A New Way In by Nex- Architecture

A New Way In

Nex- Architecture has collaborated with Xylotek advanced timber structure specialists to create a sequence of inventive laminated oak pavilions newly enhancing the public spaces of London’s Regent’s Place.

Lying east of Regent’s Park and west of Euston station, Regent’s Place is a mixed-use commercial and residential campus developed by British Land from the mid-1990s. Using natural materials, timber furniture and extensive planting, the pavilions have been designed in response to British Land’s vision for revitalising public spaces and pedestrian routes in, through and out of Regent’s Place.

The three new pavilions are semi-sheltered spaces designed for friends and colleagues to sit and relax between meetings or after-work hours, for outdoor theatre and music performances and for those walking through Regent’s Place from the fast-paced Euston Road.

Recently, the Regent’s Place “campus” has seen a change in tenants from corporate blue-chips to media, technology and life science companies. This shift has prompted the refurbishment of the office buildings transforming their environmental performance while offering refreshed workspaces better suited to contemporary needs.

In turn, new tenancies have brought a younger population to the campus and an aspiration to create a livelier and more welcoming public space. The challenge for the architects set out in an invited competition brief was to create a more inviting place for tenants while enlivening connections between Regent’s Place and surrounding streets.

Design Approach
Inspired by nature and particularly by the bundles of fine wood kindling encountered in woodlands, the design of the three Regent’s Place pavilions gathers thin strips of oak in delicate lattices to enclose visitors while also revealing lush planting around them. Rounded in form, the two larger pavilions have a central oculus that draws people’s attention from ground level planting to the sky.

Moving from west to east, the pavilions increase in size. The first welcomes people to gather and sit in conversation. The second encourages children and adults alike to play with a large circular spinning seat positioned in the centre of the path. The final pavilion creates a new tiered performance space for the local theatre group, and a venue for evening and weekend music.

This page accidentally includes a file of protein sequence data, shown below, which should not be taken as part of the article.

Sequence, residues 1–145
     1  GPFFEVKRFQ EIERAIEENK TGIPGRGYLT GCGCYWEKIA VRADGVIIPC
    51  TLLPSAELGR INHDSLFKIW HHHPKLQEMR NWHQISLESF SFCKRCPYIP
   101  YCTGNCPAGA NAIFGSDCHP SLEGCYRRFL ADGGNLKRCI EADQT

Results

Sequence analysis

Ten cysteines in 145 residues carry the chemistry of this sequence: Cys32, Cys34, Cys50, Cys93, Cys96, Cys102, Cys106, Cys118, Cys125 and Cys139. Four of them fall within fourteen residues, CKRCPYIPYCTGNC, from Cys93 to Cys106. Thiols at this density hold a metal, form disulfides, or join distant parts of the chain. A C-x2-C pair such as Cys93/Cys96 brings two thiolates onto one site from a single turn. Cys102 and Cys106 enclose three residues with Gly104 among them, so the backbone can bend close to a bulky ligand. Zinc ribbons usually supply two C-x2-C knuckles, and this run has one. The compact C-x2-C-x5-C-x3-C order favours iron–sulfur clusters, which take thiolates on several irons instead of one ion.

The finished pavilions extend the transformation of the public realm at Regent’s Place. Those working, living and passing through the campus have adopted a variety of new places to gather in settings that bring nature imaginatively into the heart of the development encouraging biodiversity with its landscaping by Townsends.

Design Development
Nex- developed early designs through sketches, study models, and VR simulation to determine the form, size and location of the three pavilions. With these decisions made, Nex- collaborated with design-to-manufacture partners Xylotek to complete computational studies that developed the irregular lattice structures into geometrically rigorous but non-uniform patterns of thin oak laths.

A key challenge for Xylotek has been to complete the design of the structures so that the laths remain slender while being sufficiently stiff to create self-supporting lattices. The final design took advantage of off-site manufacturing to improve the quality of craftsmanship, to cut waste and reduce on-site assembly time.

Using sustainably sourced oak, thin strips were bent and laminated into their final curved shapes on room-sized jigs. Laminated strips were then layered together to make lattices, before being transported to site for final assembly with further layers of loose laths.

What appear to be imaginative, yet effortless and natural, plays of forms demanded structural and constructional ingenuity and forensic attention to detail. The laths forming each pavilion are arranged in four layers, with alternate layers spiralling in opposite directions.

Within each layer the laths share similar geodesic curved shapes, meaning that they could be formed from initially straight oak ribbons. This meant that all the laths in one layer could be formed on a single bending jig, whilst visual dissimilarity was created by varying the laths lengths in a repeating pattern overlaid with a degree of randomness.

This process created a visual play between a regular underlying pattern and a sense of natural variation. Source by Nex- Architecture and photo Courtesy of Laura Iloniemi.